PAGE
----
The last lines of the show are a reference back to its first dialog. During the final scene, Jerry looks across the jail cell to George and makes a comment about the buttons on his shirt. I thought it seemed awkward but must refer to something:

Jerry: See, now, to me that button is in the worst possible spot.

George: Really?

Jerry: Oh yea! The second button is the key button. It literally makes or breaks the shirt. Look at it. It’s too high. It’s in no man’s land.

George: Haven’t we had this conversation before?

Jerry: You think?

George: I think we have.

Jerry: Yea, maybe we have.

Jerry repeats the first line of the show almost word for word, bringing it to an end where it began:

3. National Geographic’s 90s Special

On Sunday night, National Geographic aired the first of the three part special called: The 90s: The Last Great Decade? The first episode, Great Expectations, begins with America’s involvement in the Gulf War and discusses how it, along with public obsession over celebrities like Anna Nicole Smith, and televised trials (Lorena Bobbitt/Jeffery Dahmer/Clarence Thomas) laid the groundwork for reality TV shows like The Real World. The episode also chronicled socio-political events like Bill Clinton’s rise to the presidency and the bombing of the World Trade Center, as well as Microsoft and the beginning of the internet.

“Great Expectations” covered a fair amount of pop culture from Vanilla Ice (who’s hit “Ice Ice Baby” was originally a B-side) to Rosanne. Ironically, during a segment on Nirvana, the special doesn’t play any of their music (perhaps they didn’t get the rights). While the narrator discusses “Smells Like Teen Spirit,” some unknown riff of power chords plays in the background without vocals. It was almost hilarious. Despite that fact, I thought the special was informative and well done, and I plan on watching the last two episodes before the end of the week.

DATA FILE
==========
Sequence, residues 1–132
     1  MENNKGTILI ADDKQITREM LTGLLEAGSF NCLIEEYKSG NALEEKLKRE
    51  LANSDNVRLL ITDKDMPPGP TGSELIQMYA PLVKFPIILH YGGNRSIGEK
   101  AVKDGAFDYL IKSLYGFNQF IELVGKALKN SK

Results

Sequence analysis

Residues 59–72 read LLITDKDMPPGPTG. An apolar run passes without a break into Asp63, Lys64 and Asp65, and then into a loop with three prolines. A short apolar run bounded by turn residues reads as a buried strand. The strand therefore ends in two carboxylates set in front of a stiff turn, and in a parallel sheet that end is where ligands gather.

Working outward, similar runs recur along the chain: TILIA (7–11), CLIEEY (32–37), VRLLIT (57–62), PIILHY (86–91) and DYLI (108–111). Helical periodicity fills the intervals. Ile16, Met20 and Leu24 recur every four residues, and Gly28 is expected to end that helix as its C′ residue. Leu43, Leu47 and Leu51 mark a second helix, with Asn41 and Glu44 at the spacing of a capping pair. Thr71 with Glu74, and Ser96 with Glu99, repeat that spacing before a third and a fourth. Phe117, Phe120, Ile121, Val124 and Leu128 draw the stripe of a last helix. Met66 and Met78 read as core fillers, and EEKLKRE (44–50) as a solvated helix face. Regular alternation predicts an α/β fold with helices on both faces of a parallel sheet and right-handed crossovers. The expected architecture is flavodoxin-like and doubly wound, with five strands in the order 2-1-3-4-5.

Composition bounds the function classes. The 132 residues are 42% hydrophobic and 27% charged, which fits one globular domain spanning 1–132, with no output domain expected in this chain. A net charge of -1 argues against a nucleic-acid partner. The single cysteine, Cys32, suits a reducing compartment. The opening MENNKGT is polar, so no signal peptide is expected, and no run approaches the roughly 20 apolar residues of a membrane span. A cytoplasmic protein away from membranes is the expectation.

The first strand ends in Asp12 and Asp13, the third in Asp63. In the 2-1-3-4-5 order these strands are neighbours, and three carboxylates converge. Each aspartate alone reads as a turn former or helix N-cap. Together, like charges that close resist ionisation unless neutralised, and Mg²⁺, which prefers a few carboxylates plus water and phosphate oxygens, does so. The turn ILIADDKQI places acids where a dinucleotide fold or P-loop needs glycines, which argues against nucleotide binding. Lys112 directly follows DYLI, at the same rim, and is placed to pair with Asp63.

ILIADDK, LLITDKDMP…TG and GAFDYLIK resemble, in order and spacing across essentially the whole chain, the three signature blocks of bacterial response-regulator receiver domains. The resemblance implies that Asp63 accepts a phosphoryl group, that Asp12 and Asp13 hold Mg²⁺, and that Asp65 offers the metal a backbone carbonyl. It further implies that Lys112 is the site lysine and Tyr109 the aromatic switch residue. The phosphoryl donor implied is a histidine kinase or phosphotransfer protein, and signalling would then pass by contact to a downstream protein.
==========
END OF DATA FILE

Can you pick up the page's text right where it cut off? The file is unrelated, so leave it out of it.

Here are the videos for episodes two (“Friends and Enemies”) and three (“Politically Incorrect”) which aired Monday and Tuesday respectfully. View episode one above.

HT: Adria Lambert

4. Matthew Perry & Jennifer Aniston’s Windows 95 Instructional Video

First of all, stop for a minute and appreciate that this exists: Matthew Perry and Jennifer Aniston star in a bizarre sitcomish attempt at an instructional video for Windows 95. Their Microsoft adventure lasts for the first half hour before the video dips into more formal instructions for using the new software which you can safely ignore.

The video features the following gems from Jennifer:

“Look Matty, I’m computing!” 

“Taskbar? Is that anything like a Snickers bar? Does that have nougat?” 

“So you mean I can plug and play every printer in the world?” 

“Would you like a side of bacon with the egg on your face?”

And this dialog:

J: “We don’t have any CD’s or flappies.”

M: “I believe those are called floppies.”